Posts misrepresent South Korea culture ministry's plans for demolished colonial governor residence

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A claim has been shared in multiple social media posts in South Korea that the government is planning to restore the now-demolished residence of the Japanese colonial governor-general, and link to a tabloid article that uses an image of a colonial-era building. However, the claim is missing context: South Korea's culture ministry said its plan involves creating a miniature replica of the governor-general's residence, not restoring it in its entirety. The image shared alongside the claim is also misleading: it shows a building that housed the Japanese colonial government in Seoul from 1926 to 1945 -- not the colonial governor-general's residence. A ministry spokesperson told AFP that their plan is unrelated to this building.

"[Breaking news] The government pushing to 'restore the residence of the Japanese colonial governor of Korea," reads a Korean-language Facebook post shared on July 22, 2022 by a page with more than 278,000 followers.

The post links to a report on the tabloid news website Postshare, which is illustrated with a photo of South Korean President Yoon Seok-yeol on the left and a photo of what appears to be a colonial-era building on the right.

The Postshare report is about a plan from South Korea's Ministry of Culture, Sports and Tourism to "restore" the Japanese colonial governor-general's residence, which was built during Japan's colonial rule over Korea in the early 20th century.

Screenshot of the misleading claim shared on Facebook, captured July 26, 2022

Similar posts were shared elsewhere on Facebook here, here, here and here.

Comments on the posts indicate several users were misled by the claim and photo. 

"Hmm, what are they thinking reviving the government-general building?" wrote one user.

Another said, "There is a pro-Japanese spy among these people. That's why they're trying to build the governor-general's residence."

A third user commented: "Are they building a shrine to the Japanese? Why are they trying to reverse history?"

The claim was shared after several local news organisations, including here and here, reported that the ministry had announced plans to create a replica of the residence.

The residence was located on the grounds of South Korea's former presidential palace, the Blue House, which was opened to the public in May 2022.

According to the Yonhap News Agency, the ministry's plans were met with concern due to the building's association with Japan's 35-year rule over the Korean peninsula from 1910 to 1945.

The opposition Democratic Party criticised the restoration plan, suggesting it embodies "an attempt to erase history".

However, the claim that the South Korean government planned to restore the residence is misleading.

Culture ministry plans

According to a press release issued on July 22, the Ministry of Culture, Sports and Tourism said it was "considering creating a miniature replica of the building for visitors [of the Blue House] to show them how it looked like 30 years ago".

It was refuting suggestions that its plan was to "restore" the governor-general's residence.

According to the Seoul Museum of History, the residence was built for the Japanese governor-general in 1939 on the inner gardens of Seoul's Gyeongbok Palace -- the main royal palace of Korea's Joseon Dynasty.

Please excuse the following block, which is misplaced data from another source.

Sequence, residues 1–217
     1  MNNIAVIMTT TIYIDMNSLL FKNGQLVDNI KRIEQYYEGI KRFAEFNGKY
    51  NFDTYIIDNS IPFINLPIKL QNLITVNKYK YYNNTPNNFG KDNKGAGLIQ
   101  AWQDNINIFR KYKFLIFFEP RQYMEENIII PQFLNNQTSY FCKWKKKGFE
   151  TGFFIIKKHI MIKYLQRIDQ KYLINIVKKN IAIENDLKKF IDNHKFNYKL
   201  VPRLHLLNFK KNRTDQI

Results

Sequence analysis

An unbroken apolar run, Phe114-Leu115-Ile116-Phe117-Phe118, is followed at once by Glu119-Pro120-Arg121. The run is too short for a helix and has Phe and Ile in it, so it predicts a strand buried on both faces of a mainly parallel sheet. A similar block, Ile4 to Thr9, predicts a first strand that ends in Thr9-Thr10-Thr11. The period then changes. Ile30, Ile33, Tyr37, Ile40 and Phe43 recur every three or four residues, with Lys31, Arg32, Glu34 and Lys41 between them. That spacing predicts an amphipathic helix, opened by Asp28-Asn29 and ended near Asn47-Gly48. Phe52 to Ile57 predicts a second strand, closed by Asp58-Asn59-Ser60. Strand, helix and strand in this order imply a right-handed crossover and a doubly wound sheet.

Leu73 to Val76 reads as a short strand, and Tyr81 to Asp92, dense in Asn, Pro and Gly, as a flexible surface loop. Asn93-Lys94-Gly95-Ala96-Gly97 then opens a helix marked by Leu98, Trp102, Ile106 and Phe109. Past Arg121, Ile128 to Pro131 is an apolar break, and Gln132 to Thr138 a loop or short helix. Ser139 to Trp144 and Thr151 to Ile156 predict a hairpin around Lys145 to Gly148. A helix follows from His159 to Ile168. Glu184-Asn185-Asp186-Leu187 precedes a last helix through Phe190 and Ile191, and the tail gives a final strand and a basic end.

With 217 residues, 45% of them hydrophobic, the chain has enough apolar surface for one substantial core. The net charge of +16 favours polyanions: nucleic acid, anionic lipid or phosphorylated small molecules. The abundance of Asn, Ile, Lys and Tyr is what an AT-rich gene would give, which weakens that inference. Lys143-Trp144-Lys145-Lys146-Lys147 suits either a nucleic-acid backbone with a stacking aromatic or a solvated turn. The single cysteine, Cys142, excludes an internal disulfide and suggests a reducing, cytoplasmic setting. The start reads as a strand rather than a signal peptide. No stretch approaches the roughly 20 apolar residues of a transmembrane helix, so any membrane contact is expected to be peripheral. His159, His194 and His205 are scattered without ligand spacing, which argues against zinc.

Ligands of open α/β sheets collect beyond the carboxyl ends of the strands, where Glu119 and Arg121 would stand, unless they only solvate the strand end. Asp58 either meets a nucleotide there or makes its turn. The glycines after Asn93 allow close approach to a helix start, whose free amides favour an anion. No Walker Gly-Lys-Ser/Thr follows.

A screenshot of a 1966 photo of the former residence of the Japanese governor-general of Korea, from the National Archives of Korea, captured on July 27, 2022

According to the National Archives of Korea, the building -- which was renamed Cheong Wa Dae, or Blue House -- served as the residence and office of the president after the formation of South Korea's government in 1948.

In 1993, the building was demolished to make way for the new Blue House presidential office.

Government-general building

A reverse image search on Google of the colonial-era building used in the tabloid article led to photos shared on Facebook of the old Japanese government-general building that once stood on the grounds of Seoul's Gyeongbok Palace near Gwanghwamun Square.

The same photo was used in an academic paper about the building, published in the Journal of the Korean Institute of Landscape Architecture in August 2018. 

Its caption reads: "The front view of the old Japanese general government building (1988)."

Below is a screenshot comparison of the image shared alongside the misleading claim on Facebook (left) and the photo of the government-general building published Journal of the Korean Institute of Landscape Architecture (right):

   

According to the National Archives of Korea, the building was erected in 1926 on the grounds of Gyeongbok Palace in order to house Japan's colonial government in Korea.

It was also the site where South Korea's first republic was inaugurated in 1948, and served as one of the South Korean government's main administrative headquarters until 1986, when the building was reassigned to house the country's national museum.

In 1995, the South Korean government demolished the building to commemorate the 50th anniversary of the country's liberation from Japanese rule, as part of an effort to remove a lasting reminder of colonial rule and to restore Gyeongbok Palace to its original state.

The plan laid out by South Korea's Culture Ministry is "unrelated to the Japanese government-general building", a spokesperson for South Korea's culture ministry told AFP on July 26.